U.S. President Donald Trump continued his first international trip as president Monday. He arrived in Israel, saying his visit to Saudi Arabia over the weekend gives him hope for securing Middle East peace.
Trump said Saudi King Salman bin Abdulaziz told him that the Saudis want peace between the Israelis and Palestinians, and unified efforts against threats from Iran.
“During my travels in recent days, I have found new reasons for hope,” the president said in a short speech on his arrival in Israel.
Trump started his trip in Saudi Arabia, the birth place of Islam. There, he received a warm welcome from Arab leaders. He expressed U.S. support for slowing Iranian influence and preventing the country from developing nuclear weapons.
In a speech to a group of Arab and Muslim leaders in Riyadh, Trump urged a new effort to stop the killing of innocent people in the name of religion.
“Every time a terrorist murders an innocent person, and falsely invokes the name of God, it should be an insult to every person of faith. Terrorists do not worship God, they worship death.”
Trump suggested during his speech that he would not follow former President Barack Obama in pressuring Middle East leaders over human rights reforms.
“We are not here to lecture -- we are not here to tell other people how to live, what to do, who to be, or how to worship. Instead, we are here to offer partnership – based on shared interests and values.”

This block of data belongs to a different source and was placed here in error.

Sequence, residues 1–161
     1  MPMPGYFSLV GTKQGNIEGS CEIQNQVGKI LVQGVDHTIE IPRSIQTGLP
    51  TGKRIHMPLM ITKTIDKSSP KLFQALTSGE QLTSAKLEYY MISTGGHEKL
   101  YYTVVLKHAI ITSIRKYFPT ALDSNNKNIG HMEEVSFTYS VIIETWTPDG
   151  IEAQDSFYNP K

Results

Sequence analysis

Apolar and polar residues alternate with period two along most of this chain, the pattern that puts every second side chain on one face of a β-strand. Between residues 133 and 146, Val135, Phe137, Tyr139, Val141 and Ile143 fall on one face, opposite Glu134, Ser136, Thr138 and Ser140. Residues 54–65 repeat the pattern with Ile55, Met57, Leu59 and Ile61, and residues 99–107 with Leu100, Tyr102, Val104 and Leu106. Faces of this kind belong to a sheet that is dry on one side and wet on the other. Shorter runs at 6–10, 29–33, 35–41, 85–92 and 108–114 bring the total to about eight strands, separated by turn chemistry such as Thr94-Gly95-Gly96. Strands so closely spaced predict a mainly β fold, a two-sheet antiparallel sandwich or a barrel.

But Trump criticized Iran, which just re-elected its moderate president, Hassan Rouhani.
“From Lebanon to Iraq to Yemen, Iran funds, arms, and trains terrorists, militias, and other extremist groups that spread destruction and chaos across the region, Trump said. “For decades, Iran has fueled the fires of sectarian conflict and terror.”
During his visit, Trump announced $110 billion in U.S. arms sales to Saudi Arabia.
But in Iran, President Rouhani rejected Trump’s criticism of his country. He accused the U.S. government of supporting terrorism by helping rebels opposed to Syrian President Bashar al-Assad.
Rouhani said, “Who can say the region will experience total stability without Iran? Who fought against the terrorists? It was Iran, Syria, Hezbollah and Russia. But who funded the terrorists?”
Trump has expressed optimism that he could help negotiate peace between the Israelis and Palestinians. Earlier presidents have failed to do so. Speaking in Israel, he said one reason is that concerns about Iran are making nations more willing to work with Israel.
“What's happened with Iran has brought many of the parts of the Middle East toward Israel," Trump said during a meeting with Israeli President Reuven Rivlin.
Trump met Monday with Israeli Prime Minister Benjamin Netanyahu. On Tuesday, he is to meet with Palestinian President Mahmoud Abbas.
Secretary of State Rex Tillerson is travelling with Trump. He said the United States would take a more active part in peace talks between the Israelis and Palestinians if both sides show a willingness to negotiate peace.
Steve Herman reported on this story for VOANews.com. Bruce Alpert adapted this story, and added additional reporting from the Associated Press, Reuters and other sources, for Learning English. Mario Ritter was the editor.
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Words in This Story
invoke - v. to mention someone or something in an attempt to make people feel a certain way or have a certain idea in their mind
worship - v. to pray
lecture - n. a talk that criticizes someone's behavior in an angry or serious way
chaos - n. complete confusion and disorder
sectarian - adj. relating to religious or political sects and the differences between them
stability - n. the quality or state of being stable